One of the most interesting issues is the relationship between this small community and the local Muslim population. “Our Muslim neighbors have a lot of respect for us as Jews living in Iran,” he said. “Unlike in Europe, for example, we do not have guards outside our synagogues and schools, and our personal safety is excellent. Of course, we sometimes encounter people who are anti-Semitic, but that happens everywhere. Most of the population respects us and lives in peace with us. What is important is that in Iran there is no such concept as organized attacks on Jews.”
Garami noted that while Jews in Iran do not have the custom of walking down the street in a yarmulke (skullcap), anyone who wants to wear identifiably Jewish clothing can. “You can walk around with a yarmulke, and there are in fact people who wear a yarmulke. It just attracts attention, because it is unusual, and it can become unpleasant. On the other hand, it would not pose any danger to the person wearing the yarmulke. The overall sense of safety among the Jews is excellent. We do not feel threatened in any way, either by the government or our neighbors," he said.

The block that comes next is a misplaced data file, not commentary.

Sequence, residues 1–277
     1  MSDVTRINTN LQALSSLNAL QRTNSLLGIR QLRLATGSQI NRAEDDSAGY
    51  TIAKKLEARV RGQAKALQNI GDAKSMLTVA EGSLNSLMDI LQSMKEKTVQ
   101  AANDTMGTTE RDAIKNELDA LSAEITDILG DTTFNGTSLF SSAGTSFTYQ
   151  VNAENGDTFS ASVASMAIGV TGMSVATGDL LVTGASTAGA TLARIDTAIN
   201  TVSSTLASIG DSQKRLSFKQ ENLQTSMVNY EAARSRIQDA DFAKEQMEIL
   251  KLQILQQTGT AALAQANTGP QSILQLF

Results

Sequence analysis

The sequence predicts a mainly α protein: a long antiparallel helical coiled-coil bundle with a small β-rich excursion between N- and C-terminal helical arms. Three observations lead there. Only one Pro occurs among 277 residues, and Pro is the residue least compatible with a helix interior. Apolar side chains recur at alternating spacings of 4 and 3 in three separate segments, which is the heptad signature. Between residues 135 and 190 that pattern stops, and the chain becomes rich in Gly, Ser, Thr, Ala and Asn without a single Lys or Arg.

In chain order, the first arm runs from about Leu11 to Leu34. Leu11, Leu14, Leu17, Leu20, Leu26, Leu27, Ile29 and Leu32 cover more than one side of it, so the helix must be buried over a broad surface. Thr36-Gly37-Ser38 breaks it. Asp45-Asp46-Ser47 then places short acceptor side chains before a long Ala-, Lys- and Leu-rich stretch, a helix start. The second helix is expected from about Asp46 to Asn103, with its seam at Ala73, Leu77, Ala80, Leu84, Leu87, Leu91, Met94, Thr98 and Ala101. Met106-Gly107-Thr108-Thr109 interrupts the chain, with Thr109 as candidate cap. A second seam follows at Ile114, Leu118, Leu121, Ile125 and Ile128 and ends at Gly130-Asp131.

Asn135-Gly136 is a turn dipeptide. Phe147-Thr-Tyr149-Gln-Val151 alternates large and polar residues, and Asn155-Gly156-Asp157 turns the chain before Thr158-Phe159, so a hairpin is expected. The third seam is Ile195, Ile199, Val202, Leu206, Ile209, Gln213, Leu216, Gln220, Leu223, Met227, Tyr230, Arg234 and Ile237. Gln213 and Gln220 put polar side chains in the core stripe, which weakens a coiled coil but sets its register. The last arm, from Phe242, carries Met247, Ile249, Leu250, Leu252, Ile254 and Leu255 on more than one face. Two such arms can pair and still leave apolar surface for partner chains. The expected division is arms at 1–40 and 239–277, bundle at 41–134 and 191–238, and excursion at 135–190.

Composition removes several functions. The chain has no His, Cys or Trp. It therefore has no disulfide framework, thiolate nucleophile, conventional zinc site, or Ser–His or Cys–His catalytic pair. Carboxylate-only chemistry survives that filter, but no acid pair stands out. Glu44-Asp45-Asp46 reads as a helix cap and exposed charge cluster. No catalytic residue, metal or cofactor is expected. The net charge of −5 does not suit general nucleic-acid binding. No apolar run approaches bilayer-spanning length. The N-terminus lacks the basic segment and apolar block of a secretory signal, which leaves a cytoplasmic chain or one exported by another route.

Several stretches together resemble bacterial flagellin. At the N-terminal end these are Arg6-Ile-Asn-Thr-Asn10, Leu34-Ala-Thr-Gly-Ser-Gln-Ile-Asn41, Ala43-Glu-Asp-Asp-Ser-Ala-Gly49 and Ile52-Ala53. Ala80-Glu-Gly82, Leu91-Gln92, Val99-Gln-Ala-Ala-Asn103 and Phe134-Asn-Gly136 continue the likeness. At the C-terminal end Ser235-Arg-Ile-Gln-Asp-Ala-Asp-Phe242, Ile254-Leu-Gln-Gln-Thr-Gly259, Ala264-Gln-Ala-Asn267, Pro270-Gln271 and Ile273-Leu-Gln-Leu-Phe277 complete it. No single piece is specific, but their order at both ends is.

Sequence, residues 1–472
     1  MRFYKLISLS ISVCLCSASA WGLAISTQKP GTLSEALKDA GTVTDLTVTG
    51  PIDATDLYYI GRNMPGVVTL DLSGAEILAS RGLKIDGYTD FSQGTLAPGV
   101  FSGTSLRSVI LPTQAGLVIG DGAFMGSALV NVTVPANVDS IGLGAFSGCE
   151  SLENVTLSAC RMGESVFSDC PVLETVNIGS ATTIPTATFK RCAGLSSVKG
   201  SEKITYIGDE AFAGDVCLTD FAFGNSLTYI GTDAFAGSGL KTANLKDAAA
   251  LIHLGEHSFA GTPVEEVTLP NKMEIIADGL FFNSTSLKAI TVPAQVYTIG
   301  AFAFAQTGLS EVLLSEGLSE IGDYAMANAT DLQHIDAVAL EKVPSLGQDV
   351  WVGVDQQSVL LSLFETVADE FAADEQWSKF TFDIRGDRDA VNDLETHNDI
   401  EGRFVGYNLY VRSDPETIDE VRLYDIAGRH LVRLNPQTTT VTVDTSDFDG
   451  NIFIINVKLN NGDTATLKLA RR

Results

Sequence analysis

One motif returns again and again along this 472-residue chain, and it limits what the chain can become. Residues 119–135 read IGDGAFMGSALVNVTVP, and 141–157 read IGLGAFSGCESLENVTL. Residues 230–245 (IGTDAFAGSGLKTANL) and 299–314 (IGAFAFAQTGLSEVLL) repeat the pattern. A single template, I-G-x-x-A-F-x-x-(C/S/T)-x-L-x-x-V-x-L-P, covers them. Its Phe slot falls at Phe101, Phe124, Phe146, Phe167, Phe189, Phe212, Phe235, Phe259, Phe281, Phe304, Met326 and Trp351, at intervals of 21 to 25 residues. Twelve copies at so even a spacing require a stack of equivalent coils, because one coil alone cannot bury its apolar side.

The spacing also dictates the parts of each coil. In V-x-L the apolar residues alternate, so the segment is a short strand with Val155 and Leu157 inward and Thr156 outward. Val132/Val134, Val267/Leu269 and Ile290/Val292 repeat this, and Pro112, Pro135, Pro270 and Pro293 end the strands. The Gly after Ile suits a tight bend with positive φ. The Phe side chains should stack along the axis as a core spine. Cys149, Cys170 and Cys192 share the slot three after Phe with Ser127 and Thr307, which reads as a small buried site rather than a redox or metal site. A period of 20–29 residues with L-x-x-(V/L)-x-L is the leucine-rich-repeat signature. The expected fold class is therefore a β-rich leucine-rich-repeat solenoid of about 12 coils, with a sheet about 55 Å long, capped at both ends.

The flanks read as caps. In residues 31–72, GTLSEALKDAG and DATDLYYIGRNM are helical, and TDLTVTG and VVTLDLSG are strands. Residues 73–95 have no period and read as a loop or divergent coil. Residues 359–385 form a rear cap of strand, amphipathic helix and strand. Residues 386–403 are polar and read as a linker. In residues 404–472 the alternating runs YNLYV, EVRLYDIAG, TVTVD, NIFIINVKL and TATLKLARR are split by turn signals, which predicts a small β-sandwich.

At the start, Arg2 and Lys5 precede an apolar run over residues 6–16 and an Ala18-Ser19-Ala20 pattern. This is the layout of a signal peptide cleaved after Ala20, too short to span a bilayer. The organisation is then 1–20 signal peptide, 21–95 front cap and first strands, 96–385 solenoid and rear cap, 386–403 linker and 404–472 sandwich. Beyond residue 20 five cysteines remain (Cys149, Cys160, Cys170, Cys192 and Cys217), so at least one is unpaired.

He explained that the country’s Jewish community has a history of good relations with its neighbors. “We have been living here for 2,700 years, ever since the Assyrian exile. From then until now, Jews lived in peace with their Muslim neighbors — except in a few isolated cases. It is important to remember that we are the biggest Jewish community in the Middle East after Israel. We have very strong ties to this place. Our ancestors lived here for years and many of our prophets are buried here. The Prophet Daniel is buried here, and we have the Tomb of Habakkuk, the Tomb of Mordechai and Esther, and other important sites."
One of the most volatile and sensitive issues for the Jews in Iran is the ongoing conflict between Israel and Iran. It places them in an uncomfortable position with the government. “We are always emphasizing that we do not like getting involved in all the disputes, wars and politics between the two countries. It is a debate between politicians and has nothing to do with religion,” Garami said very determinedly. “People tend to get confused, but there is a big difference between Zionism and Judaism. Judaism is a religion that is 3,300 years old, while Zionism is a national and political movement that is just 100 years old. As a country, the State of Israel has nothing to do with religion in general and Judaism in particular. This is not a war between religions. All the Jews here emphasize that. The worst thing that could happen would be to give the impression that this is a war of religion.”